Proper denture care is vital to ensuring your dentures last and maintain their fit. If you read denture care instructions carefully, chances are you’ve come across the guidance that you shouldn’t soak dentures in alcohol mouthwash or wash them with isopropyl alcohol.
The reason for this is that exposing your dentures to alcohol could potentially be damaging. But what about drinking alcohol? Will drinking alcohol result in damage to your dentures?
The reason for avoiding alcohol contact with dentures is very simple. The material denture bases are made out of–polymethylmethacrylate or PMMA–is soluble in alcohol. But unlike putting a sugar cube in water, putting PMMA in alcohol doesn’t cause them to just dissolve. Instead, it develops tiny cracks that weaken dentures. This phenomenon, called crazing, can cause your dentures to fail, especially under irregular bite forces.
YouTube offers us a dramatic demonstration of how this happens. Watch how a sheet of plexiglass comes apart when put in contact with isopropyl alcohol. You don’t even really see the cracks until the plexiglass comes right apart.
If you clean your dentures with isopropyl alcohol, you might not think you’re doing damage, until your dentures fail.
There are three factors that determine how much effect alcohol will have on your dentures: the type of alcohol, the concentration, and the duration of exposure. Isopropyl alcohol is very different from the type of alcohol in whiskey, wine, beer, and other alcoholic drinks. The alcohol we drink is called ethanol, and it’s a lot less damaging on dentures than isopropyl alcohol.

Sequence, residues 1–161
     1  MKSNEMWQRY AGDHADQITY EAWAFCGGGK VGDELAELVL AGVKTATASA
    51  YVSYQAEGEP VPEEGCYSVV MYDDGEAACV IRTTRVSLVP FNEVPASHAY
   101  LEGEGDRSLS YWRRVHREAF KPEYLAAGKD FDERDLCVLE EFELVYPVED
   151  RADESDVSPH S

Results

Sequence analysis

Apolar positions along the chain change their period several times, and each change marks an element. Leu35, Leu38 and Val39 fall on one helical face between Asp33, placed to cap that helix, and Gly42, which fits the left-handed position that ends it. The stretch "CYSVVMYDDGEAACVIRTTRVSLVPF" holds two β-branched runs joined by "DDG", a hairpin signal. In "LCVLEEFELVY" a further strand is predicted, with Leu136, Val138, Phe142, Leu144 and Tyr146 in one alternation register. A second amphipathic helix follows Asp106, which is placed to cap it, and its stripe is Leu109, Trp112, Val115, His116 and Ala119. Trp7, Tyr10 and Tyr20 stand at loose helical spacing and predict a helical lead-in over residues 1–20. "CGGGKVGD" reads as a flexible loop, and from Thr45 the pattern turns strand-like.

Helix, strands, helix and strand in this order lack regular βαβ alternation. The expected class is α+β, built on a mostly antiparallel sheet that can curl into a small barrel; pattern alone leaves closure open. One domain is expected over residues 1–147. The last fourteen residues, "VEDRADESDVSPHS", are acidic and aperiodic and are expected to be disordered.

The concentration of alcohol makes a big difference on how much damage it does, too. A 30% alcohol solution (60 proof) will damage PMMA, but a 10% solution won’t do any damage. This means that straight whiskey might cause more damage than most cocktails, wines, or beers. And remember that when you drink it, alcohol becomes diluted by the saliva in your mouth.
Exposure makes the biggest difference, too. So restrictions against soaking your dentures in alcohol are appropriate, but just drinking alcohol is unlikely to damage your dentures.
On the other hand, many people who drink a lot report denture pain, especially in their lower gums. This may be due to drying of the gum tissue, and may be indicative of alcohol being trapped under the denture–which could also accelerate denture damage. It seems as if this is worse in people with more bone resorption.
If you have questions about how to care for your dentures or are looking for quality replacement dentures in Philadelphia, please call (610) 272-0828 for an appointment with a denture dentist at Dental Excellence of Blue Bell.
Dental Excellence of Blue Bell